Monday, May 25, 2015

Unfunded Mandates: The Turn Around Agenda of Bruce Rauner

Unfunded Mandates: The Turnaround Agenda of Bruce Rauner

My wealthy friend Ernesto and I met for lunch the other afternoon at a local eatery, which offered a wide variety of wonderfully exotic Mediterranean samplings. 

The place was loud and bustling.  “Try the baba ganoush,” Ernesto loudly proffered, sliding the plate across the table to me, as I sipped a luscious mint tea.

“What a weird name.  Thanks,” I replied.  “Very good!”

“And how are you, my friend, now that our new Governor has started holding the feet of your corrupt Democratic legislators to the fire as they face a long summer of being forced to actually work?  This is a man who knows how to get things done!”

“I think the vote’s still out on that one, Ernesto.  Bruce may have warned his wife that he would ‘drive ‘em crazy’ in Springfield, but it occurs to me it is working the other way ‘round.  In fact, just the other day, I read that when Bruce suggested he’d serve only two terms, his wife retorted she’d be happy if he’d served only one.  That might be a fait accompli.

“You’re out of your elements in politics as well as dining, my friend.  This Governor’s Turnaround Agenda will elevate our state to significance again.”

“To me, it seems a catalog of complaints without any solutions – except for each community to embrace them all blindly?  I’m sorry, but I’m not so sure, Ernesto.  The bullet points all seem so nebulous.  What’s the issue with unfunded mandates or even the right to…”

“Unfunded mandates, my sadly na├»ve friend, are making you and I pay more for our dinners right now.  Do you see those mandatory signs that announce “no smoking” at every entrance? The smoking ashtrays outside in a small, canopied courtyard next to us?  The warnings that smoking is not allowed in the washrooms?”   You and I are paying for those signs, those ashtray stands, and that large heated canopy tent for smokers.”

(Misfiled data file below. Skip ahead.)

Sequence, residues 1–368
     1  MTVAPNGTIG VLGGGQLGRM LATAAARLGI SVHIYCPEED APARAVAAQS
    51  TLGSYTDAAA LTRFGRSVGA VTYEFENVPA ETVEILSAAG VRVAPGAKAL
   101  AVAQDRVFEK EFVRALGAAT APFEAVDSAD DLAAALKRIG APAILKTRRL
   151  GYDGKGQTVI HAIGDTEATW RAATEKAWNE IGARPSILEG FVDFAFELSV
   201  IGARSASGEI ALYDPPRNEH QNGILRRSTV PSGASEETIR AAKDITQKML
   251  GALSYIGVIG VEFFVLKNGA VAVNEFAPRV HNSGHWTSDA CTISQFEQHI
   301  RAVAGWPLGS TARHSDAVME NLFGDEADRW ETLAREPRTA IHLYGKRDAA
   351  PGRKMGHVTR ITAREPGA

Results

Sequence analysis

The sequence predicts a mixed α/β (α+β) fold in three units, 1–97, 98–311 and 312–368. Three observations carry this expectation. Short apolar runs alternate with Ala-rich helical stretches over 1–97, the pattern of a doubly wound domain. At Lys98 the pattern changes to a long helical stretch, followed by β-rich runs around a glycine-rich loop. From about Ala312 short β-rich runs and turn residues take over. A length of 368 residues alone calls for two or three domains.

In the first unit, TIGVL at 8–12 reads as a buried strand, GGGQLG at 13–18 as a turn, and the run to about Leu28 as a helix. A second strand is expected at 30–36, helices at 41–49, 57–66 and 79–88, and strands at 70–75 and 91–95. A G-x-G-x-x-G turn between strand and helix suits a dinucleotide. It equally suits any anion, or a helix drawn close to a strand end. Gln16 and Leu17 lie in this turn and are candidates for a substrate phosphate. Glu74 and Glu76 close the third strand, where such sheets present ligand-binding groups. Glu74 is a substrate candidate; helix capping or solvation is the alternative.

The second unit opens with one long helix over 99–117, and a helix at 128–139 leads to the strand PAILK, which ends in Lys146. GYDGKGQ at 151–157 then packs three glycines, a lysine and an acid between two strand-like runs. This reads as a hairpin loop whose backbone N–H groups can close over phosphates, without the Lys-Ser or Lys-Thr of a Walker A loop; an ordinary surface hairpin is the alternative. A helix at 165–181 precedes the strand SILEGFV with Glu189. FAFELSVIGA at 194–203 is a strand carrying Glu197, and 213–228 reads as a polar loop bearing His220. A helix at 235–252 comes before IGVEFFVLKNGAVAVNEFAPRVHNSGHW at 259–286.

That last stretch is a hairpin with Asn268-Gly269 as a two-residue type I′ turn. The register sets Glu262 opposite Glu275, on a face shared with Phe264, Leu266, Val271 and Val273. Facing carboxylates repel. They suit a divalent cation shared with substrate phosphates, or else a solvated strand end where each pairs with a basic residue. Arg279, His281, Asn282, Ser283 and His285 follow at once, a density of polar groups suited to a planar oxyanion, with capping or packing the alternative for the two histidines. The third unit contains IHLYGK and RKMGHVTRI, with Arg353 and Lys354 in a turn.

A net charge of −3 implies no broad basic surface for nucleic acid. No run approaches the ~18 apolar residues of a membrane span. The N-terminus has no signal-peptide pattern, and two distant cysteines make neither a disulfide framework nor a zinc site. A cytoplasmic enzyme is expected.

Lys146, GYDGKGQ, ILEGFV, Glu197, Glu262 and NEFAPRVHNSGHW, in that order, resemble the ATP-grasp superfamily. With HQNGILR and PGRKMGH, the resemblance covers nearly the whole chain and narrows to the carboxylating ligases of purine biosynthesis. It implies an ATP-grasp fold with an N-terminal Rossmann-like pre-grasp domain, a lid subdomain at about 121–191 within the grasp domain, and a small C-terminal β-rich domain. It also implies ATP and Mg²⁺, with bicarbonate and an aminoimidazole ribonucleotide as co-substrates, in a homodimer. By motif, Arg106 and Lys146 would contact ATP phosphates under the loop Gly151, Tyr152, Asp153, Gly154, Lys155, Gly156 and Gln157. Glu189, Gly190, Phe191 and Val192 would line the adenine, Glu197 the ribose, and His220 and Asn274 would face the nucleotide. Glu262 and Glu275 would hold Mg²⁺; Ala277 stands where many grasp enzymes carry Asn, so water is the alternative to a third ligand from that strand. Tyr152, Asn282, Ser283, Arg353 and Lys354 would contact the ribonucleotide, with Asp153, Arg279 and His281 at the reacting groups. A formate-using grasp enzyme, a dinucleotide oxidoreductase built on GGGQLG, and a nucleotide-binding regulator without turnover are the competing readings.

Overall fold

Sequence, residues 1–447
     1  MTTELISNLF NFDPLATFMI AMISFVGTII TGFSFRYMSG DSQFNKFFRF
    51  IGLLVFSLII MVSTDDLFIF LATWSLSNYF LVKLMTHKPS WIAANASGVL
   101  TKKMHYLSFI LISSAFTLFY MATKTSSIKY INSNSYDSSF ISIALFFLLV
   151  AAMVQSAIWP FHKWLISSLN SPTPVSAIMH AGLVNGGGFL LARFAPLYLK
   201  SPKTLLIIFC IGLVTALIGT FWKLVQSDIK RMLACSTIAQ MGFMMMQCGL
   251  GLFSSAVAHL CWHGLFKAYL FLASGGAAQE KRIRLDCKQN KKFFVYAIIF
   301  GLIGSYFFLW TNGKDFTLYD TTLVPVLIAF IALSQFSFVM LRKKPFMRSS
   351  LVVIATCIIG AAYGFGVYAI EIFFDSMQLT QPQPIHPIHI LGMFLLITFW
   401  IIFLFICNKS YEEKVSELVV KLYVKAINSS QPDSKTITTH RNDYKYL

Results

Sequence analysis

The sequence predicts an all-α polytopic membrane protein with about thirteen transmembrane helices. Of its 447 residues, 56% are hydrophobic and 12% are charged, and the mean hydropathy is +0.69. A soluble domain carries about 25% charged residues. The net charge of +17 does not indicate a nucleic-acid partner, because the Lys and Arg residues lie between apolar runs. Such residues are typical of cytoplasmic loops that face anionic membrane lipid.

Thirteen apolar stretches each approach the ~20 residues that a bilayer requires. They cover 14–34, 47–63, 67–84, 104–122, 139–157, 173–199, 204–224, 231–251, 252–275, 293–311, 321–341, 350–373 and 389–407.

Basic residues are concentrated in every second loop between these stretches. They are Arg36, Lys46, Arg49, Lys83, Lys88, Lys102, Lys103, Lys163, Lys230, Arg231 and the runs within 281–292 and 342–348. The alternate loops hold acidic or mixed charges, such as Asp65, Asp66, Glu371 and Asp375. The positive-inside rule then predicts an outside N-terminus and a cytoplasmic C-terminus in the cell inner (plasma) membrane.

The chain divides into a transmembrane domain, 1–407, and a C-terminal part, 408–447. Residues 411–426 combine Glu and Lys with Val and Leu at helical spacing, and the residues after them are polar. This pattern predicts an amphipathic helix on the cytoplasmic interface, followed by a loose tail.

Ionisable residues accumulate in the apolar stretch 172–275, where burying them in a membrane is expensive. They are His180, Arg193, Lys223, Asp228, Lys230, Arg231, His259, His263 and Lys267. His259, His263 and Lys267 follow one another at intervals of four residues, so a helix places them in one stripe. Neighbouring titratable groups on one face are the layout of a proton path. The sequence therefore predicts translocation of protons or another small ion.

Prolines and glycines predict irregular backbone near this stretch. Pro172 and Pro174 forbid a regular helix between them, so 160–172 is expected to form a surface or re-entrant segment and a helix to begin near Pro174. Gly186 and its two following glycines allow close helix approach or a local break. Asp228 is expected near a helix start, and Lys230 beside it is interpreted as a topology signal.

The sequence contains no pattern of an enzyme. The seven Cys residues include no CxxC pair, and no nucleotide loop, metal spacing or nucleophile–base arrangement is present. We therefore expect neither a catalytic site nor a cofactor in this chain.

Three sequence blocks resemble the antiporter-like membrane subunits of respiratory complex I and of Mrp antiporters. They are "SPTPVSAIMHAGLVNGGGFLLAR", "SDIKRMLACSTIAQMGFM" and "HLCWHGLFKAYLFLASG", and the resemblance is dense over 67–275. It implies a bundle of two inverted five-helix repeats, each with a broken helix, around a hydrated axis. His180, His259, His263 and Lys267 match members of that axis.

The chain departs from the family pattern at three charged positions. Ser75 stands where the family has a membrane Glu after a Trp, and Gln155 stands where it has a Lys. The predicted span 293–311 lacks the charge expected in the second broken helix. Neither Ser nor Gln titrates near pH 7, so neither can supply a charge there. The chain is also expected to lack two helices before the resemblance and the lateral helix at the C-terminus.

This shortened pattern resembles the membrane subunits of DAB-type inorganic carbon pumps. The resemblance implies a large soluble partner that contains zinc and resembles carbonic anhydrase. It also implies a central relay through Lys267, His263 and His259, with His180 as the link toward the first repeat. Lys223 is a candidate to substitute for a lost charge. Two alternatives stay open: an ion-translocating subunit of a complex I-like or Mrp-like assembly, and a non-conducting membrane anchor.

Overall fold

“Unfunded mandates become an additional cost borne by the businesses because the state legislature decides to force such establishments not only to ban smoking but also notify the public it is disallowed.  And the local business or government has to bear those costs, my friend.  Now, let’s expand that to all the requirements forced upon us on even local levels, from education to other facets of business.  Can you begin to comprehend the unfairness and cost of it all?”

“Yes, of course, Ernesto, but in this case, let’s say, the business in which we enjoy our lunch has to endure an extra cost for protecting you and me from injury by exposure to second hand smoke.  Isn’t that an acceptable burden of operating commerce safely for those who come here?” 

Ernesto smiled.  “But our new Governor has identified over 280 unnecessary unfunded mandates that are being forced upon the local communities and school districts.  We need to stop that, so that you and I, and our families need not pay those costs for ridiculous enacted requirements determined by the General Assembly.” 

“Indeed, Ernesto, a talking point of the Turnaround Agenda boldly identifies that  ‘more than 280 unfunded mandates have been imposed on communities across Illinois, costing $billions.’  But, Ernesto, I have not been able to find any one specific example of one of those 280 unfunded mandates.  Have you?

“No, but…they will be provided in time…”

“And I even reached out unsuccessfully to the Office of Lieutenant Governor Evelyn Sanguinetti, who is charged with the task to shrink unfunded mandates in Illinois…, and later the office of State Senator Linda Holmes  who sits upon the “Local Government” committee and is a part of the Task Force. Her office has not received any documentation of the 280 (or even one) unfunded mandate that meets this nefarious characterization of unfair and punitive outcomes.”

“Yes, I know about this Task Force, and they are preparing to bring forth the necessary problems and solutions.  They have until December 2015.”

“Sounds familiar, my friend.  And the Office of Sanguinetti assures its coming to some resolution.  But the last time I looked at a list of unfunded mandates for Illinois, one which was made available in 2011, I had a hard time finding too much that was over the top….crazy…unfair…unnecessary…or extravagant.”

“But it was too much…I mean, monetarily.”